On a happier note, the wind was now veering a little, and we were able to make some precious easting (after having been forced to sail just west of north the first day and a half out of Rangiroa) so that by the time we were 10 days into the passage we’d managed to sail a full two degrees east of what we’d originally hoped for. Around that same time, we also received a welcome reprieve in the form of both lighter winds and mellower seas.
More marine mammals came to visit as well, most notably a small pod of dark-colored creatures, about 8ft long, with rounded foreheads and dorsal fins set fairly far back. They swam slowly by and after approaching Celeste went off again without doing any of the bow-riding so many dolphins enjoy. Seth and I were both captivated by them. There was something almost magical about these shy creatures—they seemed so calm, so peaceful. After sailing through buffeting winds and waves the past week or so, it was wonderful experiencing such serenity.
Seth and I have a poster-sized guide to marine mammals taped alongside Celeste’s companionway, and with its help we decided what we’d just seen must have been pygmy orcas, also called pygmy killer whales. Although melon-headed whales and false killer whales are similar, studying the poster (which includes all three species) we were pretty sure our visitors had been pygmies. Unfortunately, though we could see them distinctly through the clear, pelagic water, we weren’t able to get any good photos.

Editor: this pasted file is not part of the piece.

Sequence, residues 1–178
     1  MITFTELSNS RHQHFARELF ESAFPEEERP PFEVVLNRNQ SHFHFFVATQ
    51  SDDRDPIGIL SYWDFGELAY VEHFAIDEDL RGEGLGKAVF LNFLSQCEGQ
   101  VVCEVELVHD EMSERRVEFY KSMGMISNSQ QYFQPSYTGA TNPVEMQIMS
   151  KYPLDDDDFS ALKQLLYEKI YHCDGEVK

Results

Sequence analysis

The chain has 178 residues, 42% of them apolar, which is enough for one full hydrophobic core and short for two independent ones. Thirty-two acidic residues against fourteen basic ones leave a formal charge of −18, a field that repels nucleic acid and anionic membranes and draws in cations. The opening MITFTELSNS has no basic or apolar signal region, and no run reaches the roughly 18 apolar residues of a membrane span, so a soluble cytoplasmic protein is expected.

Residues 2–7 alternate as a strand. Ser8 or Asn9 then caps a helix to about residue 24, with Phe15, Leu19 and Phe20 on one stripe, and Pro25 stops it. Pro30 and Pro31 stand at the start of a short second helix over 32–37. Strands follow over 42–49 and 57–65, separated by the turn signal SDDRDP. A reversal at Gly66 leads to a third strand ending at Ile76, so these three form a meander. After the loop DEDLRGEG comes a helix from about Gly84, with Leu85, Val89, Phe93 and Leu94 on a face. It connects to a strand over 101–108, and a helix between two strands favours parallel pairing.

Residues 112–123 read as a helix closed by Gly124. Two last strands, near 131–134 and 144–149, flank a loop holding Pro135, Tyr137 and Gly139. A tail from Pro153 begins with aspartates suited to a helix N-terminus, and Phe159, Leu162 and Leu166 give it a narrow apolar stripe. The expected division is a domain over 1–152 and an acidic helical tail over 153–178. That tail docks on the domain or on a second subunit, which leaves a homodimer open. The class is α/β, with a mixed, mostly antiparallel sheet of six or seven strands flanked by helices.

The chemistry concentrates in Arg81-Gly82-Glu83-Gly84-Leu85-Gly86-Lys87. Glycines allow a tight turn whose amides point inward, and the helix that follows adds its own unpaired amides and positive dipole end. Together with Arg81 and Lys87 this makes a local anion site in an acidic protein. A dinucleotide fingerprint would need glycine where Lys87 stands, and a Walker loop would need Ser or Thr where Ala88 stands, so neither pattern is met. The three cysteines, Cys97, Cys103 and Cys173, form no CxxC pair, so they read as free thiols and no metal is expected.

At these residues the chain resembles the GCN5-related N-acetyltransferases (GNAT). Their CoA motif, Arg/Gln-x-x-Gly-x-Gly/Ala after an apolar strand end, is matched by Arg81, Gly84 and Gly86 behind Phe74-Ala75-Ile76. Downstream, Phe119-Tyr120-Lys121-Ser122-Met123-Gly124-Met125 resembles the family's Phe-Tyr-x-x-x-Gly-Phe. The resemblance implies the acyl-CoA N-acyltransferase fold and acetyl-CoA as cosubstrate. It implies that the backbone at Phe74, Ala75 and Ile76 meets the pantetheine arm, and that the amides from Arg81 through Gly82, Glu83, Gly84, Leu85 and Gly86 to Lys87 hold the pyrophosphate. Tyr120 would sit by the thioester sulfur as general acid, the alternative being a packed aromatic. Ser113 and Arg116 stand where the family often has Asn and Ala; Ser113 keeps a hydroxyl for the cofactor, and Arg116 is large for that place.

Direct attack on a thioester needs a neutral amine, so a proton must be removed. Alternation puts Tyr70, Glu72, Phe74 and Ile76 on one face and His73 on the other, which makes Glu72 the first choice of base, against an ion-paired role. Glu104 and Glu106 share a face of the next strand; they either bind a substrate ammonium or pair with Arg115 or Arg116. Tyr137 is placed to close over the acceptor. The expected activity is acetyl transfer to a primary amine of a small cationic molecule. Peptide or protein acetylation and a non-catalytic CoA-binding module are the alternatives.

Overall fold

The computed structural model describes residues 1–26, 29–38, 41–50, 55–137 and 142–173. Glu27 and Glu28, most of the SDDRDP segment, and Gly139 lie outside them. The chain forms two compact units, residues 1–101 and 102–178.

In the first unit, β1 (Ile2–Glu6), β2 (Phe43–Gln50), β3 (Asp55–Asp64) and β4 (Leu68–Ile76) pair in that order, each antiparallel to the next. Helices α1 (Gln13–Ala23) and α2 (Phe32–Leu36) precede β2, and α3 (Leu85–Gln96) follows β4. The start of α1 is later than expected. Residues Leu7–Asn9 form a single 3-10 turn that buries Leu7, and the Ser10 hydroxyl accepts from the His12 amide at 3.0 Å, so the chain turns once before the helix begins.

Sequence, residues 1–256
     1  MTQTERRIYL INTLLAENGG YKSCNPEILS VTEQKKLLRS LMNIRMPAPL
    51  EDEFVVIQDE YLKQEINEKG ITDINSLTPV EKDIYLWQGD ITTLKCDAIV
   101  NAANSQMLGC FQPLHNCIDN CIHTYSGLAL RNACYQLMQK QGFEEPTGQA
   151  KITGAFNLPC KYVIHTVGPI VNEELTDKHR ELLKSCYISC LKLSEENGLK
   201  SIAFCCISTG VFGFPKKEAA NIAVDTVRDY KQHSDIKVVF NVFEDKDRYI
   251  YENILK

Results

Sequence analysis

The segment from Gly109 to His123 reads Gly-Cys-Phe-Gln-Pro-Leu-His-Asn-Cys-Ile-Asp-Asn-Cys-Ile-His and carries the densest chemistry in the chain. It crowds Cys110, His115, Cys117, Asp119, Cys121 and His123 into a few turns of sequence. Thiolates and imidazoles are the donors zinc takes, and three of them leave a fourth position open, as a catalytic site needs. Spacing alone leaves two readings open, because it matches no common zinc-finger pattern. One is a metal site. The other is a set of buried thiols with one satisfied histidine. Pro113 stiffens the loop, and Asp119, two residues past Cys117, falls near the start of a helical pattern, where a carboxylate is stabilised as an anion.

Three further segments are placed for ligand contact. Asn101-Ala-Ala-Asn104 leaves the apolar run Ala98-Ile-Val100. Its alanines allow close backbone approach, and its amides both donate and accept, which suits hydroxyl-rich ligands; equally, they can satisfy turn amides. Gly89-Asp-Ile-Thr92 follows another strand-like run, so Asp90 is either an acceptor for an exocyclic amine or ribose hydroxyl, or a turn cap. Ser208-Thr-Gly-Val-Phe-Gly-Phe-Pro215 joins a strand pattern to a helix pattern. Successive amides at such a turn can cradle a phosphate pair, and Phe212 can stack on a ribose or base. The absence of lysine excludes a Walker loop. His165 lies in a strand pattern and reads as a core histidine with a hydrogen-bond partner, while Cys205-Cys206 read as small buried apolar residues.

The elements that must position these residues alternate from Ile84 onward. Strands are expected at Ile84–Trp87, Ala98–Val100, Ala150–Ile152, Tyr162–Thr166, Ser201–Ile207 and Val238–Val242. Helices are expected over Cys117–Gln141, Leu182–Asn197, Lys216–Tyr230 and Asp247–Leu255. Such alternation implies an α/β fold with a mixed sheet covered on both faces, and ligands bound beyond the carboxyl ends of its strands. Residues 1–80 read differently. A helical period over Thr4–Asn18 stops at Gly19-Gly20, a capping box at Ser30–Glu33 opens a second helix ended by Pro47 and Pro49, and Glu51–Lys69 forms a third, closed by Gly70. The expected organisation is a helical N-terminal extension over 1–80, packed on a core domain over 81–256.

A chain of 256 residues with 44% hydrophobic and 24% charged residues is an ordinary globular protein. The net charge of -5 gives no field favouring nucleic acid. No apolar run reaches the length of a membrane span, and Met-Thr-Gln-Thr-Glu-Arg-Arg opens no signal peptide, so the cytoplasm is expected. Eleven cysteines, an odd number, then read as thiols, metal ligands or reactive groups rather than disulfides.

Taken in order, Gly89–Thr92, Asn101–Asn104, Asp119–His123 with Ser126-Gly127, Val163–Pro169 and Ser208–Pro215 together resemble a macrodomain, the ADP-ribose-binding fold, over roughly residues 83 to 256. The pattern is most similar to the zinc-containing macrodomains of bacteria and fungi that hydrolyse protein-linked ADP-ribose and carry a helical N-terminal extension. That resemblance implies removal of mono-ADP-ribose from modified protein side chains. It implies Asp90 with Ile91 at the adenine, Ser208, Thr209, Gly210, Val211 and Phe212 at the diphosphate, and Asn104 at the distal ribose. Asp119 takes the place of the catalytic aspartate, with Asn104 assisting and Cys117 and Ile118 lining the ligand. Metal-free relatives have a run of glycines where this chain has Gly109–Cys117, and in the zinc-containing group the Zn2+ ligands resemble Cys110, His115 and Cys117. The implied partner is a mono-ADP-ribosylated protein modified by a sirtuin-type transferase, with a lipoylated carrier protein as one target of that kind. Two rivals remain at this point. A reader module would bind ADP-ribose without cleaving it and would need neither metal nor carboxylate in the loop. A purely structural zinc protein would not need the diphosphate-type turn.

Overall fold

Weeks later, after our arrival in Hawaii, we began having our doubts. Apparently, pygmy orcas are extremely rare, or at least rarely seen. With respect to population, the International Union for Conservation of Nature (IUCN) Red List (iucnredlist.org) categorizes them as “data deficient.” Similarly, according to NOAA, “Not much is known about them, and they are considered naturally rare.” In fact, the first recorded sighting of a live pygmy orca did not occur until 1954. Prior to that, pygmy orcas were only known from a pair of skulls found in the 19th century. While more people have seen them in recent decades, sightings are still unusual. Had we really seen these elusive creatures? Further digging eventually confirmed we had. They looked and behaved in a way consistent with other reports. So our difficult passage had also rewarded us with a very special sighting, both in its rarity and the magical quality with which it happened.
Dealing with the ITCZ
We had another good weather day after that, but that was it. For the rest of the passage, we were back to shipping water over the bow. Belowdecks, Celeste resonated with the creaks and groans that invariably accompany a small boat sailing in steep seas: the mast straining with the pressure of the wind, the hull fighting its way through the waves. Moving around required a hand for the ship at all times. Staying clipped into jacklines or some other strong point was imperative whenever either of us was out on deck. We shortened sail down to three reefs, then sailed with no main at all. As we have so many times in the past, we were thankful Celeste is such a strongly built vessel. With so much pressure on the rig, we were also thankful for the fact we’d recently replaced all her standing rigging.